The prospect for democracy in the Middle East will be determined by the choices of the Islamists.
It is impossible to argue that Islamism in the Middle East is passé or has failed. With the Arab Spring, they have surfaced in new circumstances that are more favorable to them than before when they were oppressed by authoritarian states. Being subjected to suppression by authoritarian regimes had made them more radically inclined to use violence and more ideologically orthodox. Then, to acquire the power they thought they needed revolutionary means, and once they got the power they would establish an ideologically grounded Islamic state.
Things are different now. As I explained last week, the Islamists have developed a practical-pragmatic response to the question of democracy. Instead of debating doctrinal issues of the Islam-democracy relationship, they have embraced the idea of majority rule knowing that they will benefit from this arrangement as they have a historically well functioning organizational network and effective discourse and rhetorical skills.
In fact, well before the Arab Spring, the Islamists had learned the “utility of democracy” in eliminating their secular opponents and bringing them to power. The National Salvation Front's successes in the 1990-1991 elections in Algeria were the first case in which Islamists scored pretty well in free and competitive elections. Then in 1994 came the success of the Welfare Party (RP) in Turkey where in local elections the biggest cities in the country, the Islamist party won İstanbul and Ankara. A year later the RP won the general elections forming a short-lived government. Later in 2006 in Palestine, Hamas won local and general elections against the secular Al-Fatah.
In Algeria the Islamists' electoral success was suppressed by a military coup. In Turkey they were forced to leave power by a “post-modern coup” known as the Feb. 28 process. In Palestine, an attempt was made to invalidate the Hamas victory by Western non-recognition.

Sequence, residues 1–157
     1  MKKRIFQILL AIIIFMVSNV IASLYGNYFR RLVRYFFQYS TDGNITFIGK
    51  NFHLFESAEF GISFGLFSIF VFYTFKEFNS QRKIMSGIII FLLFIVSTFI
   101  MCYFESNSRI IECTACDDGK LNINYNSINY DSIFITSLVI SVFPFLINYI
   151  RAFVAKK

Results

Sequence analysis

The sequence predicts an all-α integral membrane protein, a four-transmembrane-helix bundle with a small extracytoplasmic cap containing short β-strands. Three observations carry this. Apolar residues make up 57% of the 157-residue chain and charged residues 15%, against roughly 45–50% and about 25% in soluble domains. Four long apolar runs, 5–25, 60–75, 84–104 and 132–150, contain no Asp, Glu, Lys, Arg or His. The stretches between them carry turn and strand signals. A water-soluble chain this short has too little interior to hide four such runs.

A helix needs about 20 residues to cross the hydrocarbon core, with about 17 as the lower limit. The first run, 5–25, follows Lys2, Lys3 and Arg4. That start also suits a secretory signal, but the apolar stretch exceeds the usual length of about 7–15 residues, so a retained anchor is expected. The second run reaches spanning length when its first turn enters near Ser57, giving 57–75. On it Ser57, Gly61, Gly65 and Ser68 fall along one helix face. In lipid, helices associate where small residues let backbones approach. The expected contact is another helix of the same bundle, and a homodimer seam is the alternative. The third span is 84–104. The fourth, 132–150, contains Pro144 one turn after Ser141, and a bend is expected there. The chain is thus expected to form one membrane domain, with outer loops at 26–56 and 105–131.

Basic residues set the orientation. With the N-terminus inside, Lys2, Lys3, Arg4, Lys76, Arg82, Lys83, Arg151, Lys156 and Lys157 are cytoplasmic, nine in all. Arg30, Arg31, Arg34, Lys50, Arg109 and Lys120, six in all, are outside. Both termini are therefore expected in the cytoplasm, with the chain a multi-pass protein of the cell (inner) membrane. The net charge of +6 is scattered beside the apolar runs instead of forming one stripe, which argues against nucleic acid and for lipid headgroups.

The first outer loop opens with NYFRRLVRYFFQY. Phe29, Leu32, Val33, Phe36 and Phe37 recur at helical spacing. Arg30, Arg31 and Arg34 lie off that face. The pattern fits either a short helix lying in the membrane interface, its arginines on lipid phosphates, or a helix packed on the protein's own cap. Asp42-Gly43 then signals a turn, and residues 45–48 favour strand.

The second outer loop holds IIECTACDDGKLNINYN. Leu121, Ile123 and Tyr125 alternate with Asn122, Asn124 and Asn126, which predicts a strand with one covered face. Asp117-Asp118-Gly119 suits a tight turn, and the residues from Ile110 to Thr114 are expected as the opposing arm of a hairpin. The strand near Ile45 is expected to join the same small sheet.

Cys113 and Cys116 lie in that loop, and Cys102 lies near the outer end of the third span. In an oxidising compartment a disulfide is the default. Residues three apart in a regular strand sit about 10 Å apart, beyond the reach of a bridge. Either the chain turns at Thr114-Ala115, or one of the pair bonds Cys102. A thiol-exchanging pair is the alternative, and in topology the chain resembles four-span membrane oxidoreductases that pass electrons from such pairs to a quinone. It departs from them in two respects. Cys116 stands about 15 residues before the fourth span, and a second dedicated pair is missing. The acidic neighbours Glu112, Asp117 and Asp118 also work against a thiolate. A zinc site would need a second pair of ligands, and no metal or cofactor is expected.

Out of all these the Islamists have learned something simple: In a competitive political system, they are very likely to come to power. With the Arab Spring we see the Islamists from Tunisia to Egypt adopting electoral democracy as a new strategy for power. They are now less doctrinaire, more pragmatic, knowing their limits as well as strengths.
In the old days the strategic target was to set up an Islamic state by a vanguard elite and through revolutionary means. Then this “Islamic state” would fight against what Sayyid Qutb called the “Jahiliyya” (not being fully aware of the message of Islam) and erect a “new society” by means of the state's enlightening social and cultural policies. In short, the old strategy of Islamism envisaged taking over the state and using it to create a new society.
The Islamists now are at the stage of introducing a new strategy, using the people as the source of inspiration, power and legitimacy to construct a “new state,” not an Islamic state but a state that regulates in accordance with the religious-cultural preferences of the society. Since an ideological state is unattainable, the Islamists have settled for a state that has the capacity to legislate social, cultural and moral codes for a pious society.
Such a notion is likely to result in a post-modern authoritarian state, not an Islamic one. I call it post-modern because it carries ambiguities concerning its democratic and authoritarian credentials, containing both. They talk of democracy, freedom and choices. But they are all supposed to lead to “Islam.” In a meeting of Ru'yaTurkiya held in Tunisia in October Rashid Ghannuschi, the leader of the An Nahda movement reflected on this notion. Taking about the position of the An Nahda on the constitutional debate he said: “We do not want Shariah in the constitution but freedom. Because once people are free they will choose Islam.” What if they don't?
I would not call this tendency as “illiberal democracy.” It is more than this because Islamists tend to use their majority to legislate their own values and way of life as the normal and standard one. Russia under Putin qualifies as an illiberal democracy in the sense that basic rights and freedoms are not respected if not in law but in practice.
The Islamists taking part in democratic competition have a certain view of “good society,” “right morality” and “ideal society.” When they make them the basis of legislation, and thus use the coercion of the state to construct their vision of the “good society” this is more than an illiberal democracy. It is authoritarianism backed with the majority who “identify” themselves with those in power and will not get hurt by the value-imposing policies of the Islamists in power.
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